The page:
Late October is typically peak time for fall foliage, and the seasonal change of color can be a major tourist draw. Millions of people flock to New England states each year to witness picturesque mountain drives and quaint hamlets awash in brilliant yellow, red and orange leaves. The Smoky Mountains and the vast aspen forests of Colorado offer similar autumnal appeal to visitors, but many don’t know about the fabulous fall color we have right here in Oklahoma.

According to Chuck Mai, vice president of public affairs with AAA Oklahoma, three places in the Sooner State really stand out.

Mai says the famed Talimena National Scenic Byway between Talihina, Okla., and Mena, Ark., is at the top of most lists. “The roadway takes you through some of the prettiest forested scenery you’ll find anywhere, and there are plenty of scenic turnouts – 26 vistas – where you can stop along the way. Motorists catch eagle-eye views of the gorgeous Ouachita National Forest, the highest mountain range between the Appalachians and the Rockies. You’ll have to keep reminding yourself that, yes, you are still in Oklahoma,” says Mai.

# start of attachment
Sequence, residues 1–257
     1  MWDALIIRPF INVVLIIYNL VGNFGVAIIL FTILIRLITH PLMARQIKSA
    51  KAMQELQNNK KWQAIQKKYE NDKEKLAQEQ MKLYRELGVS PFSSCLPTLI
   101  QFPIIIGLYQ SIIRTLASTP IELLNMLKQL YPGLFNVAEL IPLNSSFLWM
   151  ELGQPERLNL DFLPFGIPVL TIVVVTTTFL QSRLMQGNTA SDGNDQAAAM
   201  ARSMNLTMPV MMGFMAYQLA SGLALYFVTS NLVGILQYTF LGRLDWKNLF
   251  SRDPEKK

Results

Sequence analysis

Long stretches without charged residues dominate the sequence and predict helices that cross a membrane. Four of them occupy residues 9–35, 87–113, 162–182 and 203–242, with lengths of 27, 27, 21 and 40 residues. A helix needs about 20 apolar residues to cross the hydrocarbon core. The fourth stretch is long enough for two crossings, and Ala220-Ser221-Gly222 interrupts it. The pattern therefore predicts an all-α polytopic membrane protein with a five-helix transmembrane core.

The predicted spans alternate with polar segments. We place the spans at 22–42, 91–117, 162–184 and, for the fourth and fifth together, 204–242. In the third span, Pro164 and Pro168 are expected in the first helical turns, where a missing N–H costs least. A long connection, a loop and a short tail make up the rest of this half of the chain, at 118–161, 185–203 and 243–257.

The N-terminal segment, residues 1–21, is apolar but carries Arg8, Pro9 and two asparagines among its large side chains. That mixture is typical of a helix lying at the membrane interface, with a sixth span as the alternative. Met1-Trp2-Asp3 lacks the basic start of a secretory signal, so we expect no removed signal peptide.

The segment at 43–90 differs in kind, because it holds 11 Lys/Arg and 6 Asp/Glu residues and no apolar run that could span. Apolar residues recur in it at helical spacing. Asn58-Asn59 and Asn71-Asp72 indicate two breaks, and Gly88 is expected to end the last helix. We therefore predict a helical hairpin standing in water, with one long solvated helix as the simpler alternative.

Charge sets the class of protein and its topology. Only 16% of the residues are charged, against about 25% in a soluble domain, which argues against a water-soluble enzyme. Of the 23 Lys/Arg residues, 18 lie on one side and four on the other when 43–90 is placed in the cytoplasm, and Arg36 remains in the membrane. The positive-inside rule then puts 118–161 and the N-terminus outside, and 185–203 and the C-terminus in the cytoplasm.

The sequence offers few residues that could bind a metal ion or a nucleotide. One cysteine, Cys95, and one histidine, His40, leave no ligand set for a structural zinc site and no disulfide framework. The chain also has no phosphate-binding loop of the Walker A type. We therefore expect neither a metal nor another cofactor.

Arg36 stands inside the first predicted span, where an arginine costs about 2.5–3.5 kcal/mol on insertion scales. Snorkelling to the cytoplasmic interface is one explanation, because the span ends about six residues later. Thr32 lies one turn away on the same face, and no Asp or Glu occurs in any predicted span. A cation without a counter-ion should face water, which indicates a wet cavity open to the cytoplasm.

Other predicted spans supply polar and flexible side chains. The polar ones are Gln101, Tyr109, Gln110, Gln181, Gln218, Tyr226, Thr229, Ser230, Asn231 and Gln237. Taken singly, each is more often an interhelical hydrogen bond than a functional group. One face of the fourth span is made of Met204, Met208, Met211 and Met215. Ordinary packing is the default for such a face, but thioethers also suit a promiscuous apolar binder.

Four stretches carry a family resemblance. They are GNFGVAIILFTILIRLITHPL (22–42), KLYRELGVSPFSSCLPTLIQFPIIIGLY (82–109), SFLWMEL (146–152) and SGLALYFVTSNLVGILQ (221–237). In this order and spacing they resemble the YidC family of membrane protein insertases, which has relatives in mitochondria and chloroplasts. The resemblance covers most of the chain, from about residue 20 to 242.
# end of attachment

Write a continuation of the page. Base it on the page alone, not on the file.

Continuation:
The Chickasaw National Recreation Area isn’t as popular, but Mai says the region, which is one of Oklahoma’s oldest national parks, offers splendid color. “The area just south of Sulphur in south central Oklahoma now includes Lake of the Arbuckles with its 36 miles of shoreline as well as the less well-known 67-acre Veteran’s Lake,” he says. “Surrounding them are some of the best hardwoods around for fall foliage ogling.”

Most people know Grand Lake as a premier destination for anything to do on the water, but Mai says that, with 1,300 miles of forested shoreline, it’s one of the best places to watch the seasons change. “Oak-hickories, silver maples, American elms, pin oaks, hackberries, pecans – there’s a wonderland of color-producers all the way from Twin Bridges State Park near Wyandotte down through Bernice and Honey Creek State Parks and south to Little Blue and Cherokee State Parks,” says Mai.

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